It's often said of chronically tardy people like me that we would be late for our own funeral. What I've always wondered is what could be wrong with this. Politeness to ones friends and family can be taken too far. After all, if its OK for the bride to be late for her own wedding, why shouldn't the guest of honour be late for that other great family occasion? And what would be so bad if you missed it altogether? No worse, surely, than Finnegan waking up in the middle of his.
However, there's a broader sense in which we all need to learn to depart at the right time. I often talk to organisations about this. It's called "succession planning". If you are a leader in an organisation - say, the President - then you should groom a successor, and then when they're ready to step up, you should step down and let them get on with it. This ensures that the organisation doesn't go stale, and that new ideas and ways of doing things can flourish. Show me an organisation where the same person has been president for 40 years, and I'll show you an organisation that is slowly dying. This person is, indeed, late for their own funeral, but no-one can put off the day indefinitely.
One place where people seem to constantly work at delaying their last rites in in politics. I remember the long years when Joh Bjelke-Petersen was Premier of Queensland. Joh had said at some stage that he believed the role of Public Works Minister was a good one for a potential Premier - you got to understand everyone else's portfolio, and to travel around the state opening things and delivering good news. Whenever he had a cabinet reshuffle, journalists would look at the person given that portfolio and speculate about their leadership chances. The only problem was that they were always nonentities. Joh had no interest in grooming a successor. He planned to stay forever.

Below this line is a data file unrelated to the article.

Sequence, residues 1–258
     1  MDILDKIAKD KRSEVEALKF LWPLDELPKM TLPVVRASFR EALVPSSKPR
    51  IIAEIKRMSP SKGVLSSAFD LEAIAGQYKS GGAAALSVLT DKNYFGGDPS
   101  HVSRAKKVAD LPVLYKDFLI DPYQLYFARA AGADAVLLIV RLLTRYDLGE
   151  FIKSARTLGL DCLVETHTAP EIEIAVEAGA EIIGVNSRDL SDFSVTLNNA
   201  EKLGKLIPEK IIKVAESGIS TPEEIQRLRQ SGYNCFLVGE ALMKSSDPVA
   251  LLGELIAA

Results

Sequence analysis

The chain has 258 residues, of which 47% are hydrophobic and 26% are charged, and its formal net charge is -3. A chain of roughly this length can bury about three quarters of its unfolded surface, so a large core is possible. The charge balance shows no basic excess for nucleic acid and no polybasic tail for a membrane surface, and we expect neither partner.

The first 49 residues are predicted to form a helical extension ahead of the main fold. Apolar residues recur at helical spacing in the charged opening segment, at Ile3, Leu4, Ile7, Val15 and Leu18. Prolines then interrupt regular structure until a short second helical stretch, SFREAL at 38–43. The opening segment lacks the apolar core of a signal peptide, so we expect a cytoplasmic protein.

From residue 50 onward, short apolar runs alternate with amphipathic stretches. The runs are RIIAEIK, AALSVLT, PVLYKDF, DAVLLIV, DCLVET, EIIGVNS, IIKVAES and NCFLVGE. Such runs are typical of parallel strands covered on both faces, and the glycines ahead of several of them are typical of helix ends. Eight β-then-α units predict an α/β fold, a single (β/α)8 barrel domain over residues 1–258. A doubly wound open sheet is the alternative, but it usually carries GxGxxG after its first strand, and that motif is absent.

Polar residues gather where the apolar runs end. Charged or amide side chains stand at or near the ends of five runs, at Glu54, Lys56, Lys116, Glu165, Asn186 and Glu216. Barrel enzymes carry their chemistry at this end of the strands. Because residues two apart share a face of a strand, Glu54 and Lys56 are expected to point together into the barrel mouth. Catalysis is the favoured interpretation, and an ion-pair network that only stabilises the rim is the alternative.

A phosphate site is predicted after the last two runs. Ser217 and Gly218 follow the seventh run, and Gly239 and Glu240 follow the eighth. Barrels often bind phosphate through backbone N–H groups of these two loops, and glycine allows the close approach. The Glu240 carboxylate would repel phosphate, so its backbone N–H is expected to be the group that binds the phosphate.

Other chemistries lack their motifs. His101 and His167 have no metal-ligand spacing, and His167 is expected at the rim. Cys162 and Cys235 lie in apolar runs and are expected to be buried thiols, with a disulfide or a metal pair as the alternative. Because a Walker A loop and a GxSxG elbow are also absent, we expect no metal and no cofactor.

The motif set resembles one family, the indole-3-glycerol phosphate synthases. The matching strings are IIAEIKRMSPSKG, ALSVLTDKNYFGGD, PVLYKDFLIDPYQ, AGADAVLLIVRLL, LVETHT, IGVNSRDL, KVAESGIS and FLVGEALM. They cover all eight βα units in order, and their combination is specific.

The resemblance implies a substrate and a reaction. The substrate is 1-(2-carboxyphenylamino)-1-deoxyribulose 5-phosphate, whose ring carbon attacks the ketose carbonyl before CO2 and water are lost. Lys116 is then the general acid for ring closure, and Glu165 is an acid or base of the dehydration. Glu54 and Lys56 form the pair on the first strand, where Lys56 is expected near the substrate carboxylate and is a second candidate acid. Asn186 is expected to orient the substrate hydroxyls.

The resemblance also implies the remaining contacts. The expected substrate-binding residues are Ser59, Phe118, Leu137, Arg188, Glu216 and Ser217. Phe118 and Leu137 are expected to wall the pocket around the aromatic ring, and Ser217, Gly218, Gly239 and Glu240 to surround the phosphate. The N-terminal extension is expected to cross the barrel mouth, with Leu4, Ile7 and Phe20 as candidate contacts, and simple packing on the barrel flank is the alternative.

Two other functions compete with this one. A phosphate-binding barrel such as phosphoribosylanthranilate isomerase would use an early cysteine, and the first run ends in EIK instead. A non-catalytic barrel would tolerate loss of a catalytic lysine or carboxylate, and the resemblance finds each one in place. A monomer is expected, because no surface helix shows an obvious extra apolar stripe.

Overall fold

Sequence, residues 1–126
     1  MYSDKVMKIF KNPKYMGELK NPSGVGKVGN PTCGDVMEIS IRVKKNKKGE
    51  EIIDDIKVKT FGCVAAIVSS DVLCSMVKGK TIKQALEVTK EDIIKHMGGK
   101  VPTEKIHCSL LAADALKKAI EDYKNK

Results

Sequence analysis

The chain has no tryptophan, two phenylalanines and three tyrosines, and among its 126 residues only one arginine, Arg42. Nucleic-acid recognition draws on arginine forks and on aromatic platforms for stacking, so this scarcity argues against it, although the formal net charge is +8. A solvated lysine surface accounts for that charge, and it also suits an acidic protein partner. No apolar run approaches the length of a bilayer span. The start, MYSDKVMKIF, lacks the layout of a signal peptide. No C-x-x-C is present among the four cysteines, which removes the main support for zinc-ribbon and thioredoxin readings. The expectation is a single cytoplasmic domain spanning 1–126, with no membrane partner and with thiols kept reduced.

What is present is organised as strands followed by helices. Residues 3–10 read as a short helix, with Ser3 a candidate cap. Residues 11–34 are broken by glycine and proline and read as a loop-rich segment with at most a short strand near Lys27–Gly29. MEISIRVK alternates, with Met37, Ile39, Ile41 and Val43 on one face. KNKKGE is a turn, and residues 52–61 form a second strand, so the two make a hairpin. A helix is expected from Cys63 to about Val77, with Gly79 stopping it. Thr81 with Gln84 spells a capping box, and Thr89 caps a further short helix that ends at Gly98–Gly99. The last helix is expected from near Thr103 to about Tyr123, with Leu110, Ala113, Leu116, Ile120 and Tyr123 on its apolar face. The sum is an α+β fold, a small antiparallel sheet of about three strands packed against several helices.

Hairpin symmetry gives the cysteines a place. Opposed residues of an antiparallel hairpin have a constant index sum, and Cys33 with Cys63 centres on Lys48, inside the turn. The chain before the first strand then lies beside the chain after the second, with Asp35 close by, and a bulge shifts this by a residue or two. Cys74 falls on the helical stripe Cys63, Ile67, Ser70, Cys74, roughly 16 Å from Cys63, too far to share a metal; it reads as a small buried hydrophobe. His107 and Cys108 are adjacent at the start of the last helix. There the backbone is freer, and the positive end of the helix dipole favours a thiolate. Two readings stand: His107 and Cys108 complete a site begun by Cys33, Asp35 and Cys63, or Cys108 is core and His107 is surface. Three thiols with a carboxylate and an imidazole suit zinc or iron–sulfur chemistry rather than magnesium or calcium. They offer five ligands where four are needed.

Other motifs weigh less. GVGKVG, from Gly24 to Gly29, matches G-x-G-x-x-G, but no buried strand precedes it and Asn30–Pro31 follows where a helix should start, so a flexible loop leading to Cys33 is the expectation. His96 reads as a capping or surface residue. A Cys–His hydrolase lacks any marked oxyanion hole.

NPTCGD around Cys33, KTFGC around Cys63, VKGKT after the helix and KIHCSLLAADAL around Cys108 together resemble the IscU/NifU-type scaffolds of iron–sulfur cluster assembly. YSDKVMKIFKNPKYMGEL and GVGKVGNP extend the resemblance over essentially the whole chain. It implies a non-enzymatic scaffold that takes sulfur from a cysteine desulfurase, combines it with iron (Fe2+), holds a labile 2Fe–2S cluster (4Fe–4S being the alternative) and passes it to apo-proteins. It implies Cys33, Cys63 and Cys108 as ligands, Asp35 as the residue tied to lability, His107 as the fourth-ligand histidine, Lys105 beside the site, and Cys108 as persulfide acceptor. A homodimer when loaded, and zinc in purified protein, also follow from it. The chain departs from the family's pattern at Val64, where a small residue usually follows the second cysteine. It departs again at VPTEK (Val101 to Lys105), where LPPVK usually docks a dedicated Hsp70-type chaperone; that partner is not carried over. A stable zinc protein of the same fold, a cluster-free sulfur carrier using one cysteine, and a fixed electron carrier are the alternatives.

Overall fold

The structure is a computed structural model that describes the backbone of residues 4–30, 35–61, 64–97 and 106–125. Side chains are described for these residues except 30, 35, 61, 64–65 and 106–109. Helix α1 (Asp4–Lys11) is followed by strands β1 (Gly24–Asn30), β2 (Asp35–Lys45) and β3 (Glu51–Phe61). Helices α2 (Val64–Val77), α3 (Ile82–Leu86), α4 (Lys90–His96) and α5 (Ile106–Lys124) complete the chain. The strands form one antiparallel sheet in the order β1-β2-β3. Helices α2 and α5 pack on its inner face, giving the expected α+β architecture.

Despite his rat cunning and notorious manipulation of the electoral system, Joh didn't get to die in the job. Instead he was dragged out kicking and screaming by disillusioned colleagues after the worst corruption scandal in the State's history. He lived on for another 20 years and even had a rehabilitation of sorts, courtesy of long-time opponent and admirer Peter Beattie.
Beattie himself was one of the few political leaders to actually carry through a succession plan, grooming Anna Bligh for his job and then stepping out after ten years to hand over to her. Most of them hold on until the numbers fall against them - either in their party room, like Kevin Rudd or Morris Iemma, or in the electorate like John Howard or John Brumby.
However, some do get to to be late for their own funerals. Paul Keating managed to delay his by a full three years courtesy of an incompetent opponent and a ruthless sense of when and where to insert the knife. Anna Bligh is more subtle than Keating but she still managed to do the same thing in her most recent election, and her reassuring performance during floods and cyclones could even allow her to delay into a third term.
I don't hold out much hope for the current NSW Premier, Kristine Keneally, though. Much as she presents graciously and reasonably on our TV screens and talks like she's actually governing the state, the funeral march has been playing since the day of her election. Those of her senior colleagues who haven't been sacked for various sorts of impropriety are lining up to bear the coffin out the door and we won't be seeing any of them again in a hurry. The eulogies are all written, the Liberal successor is tapping insistently on the door. It would almost be rude for her to try to stay longer.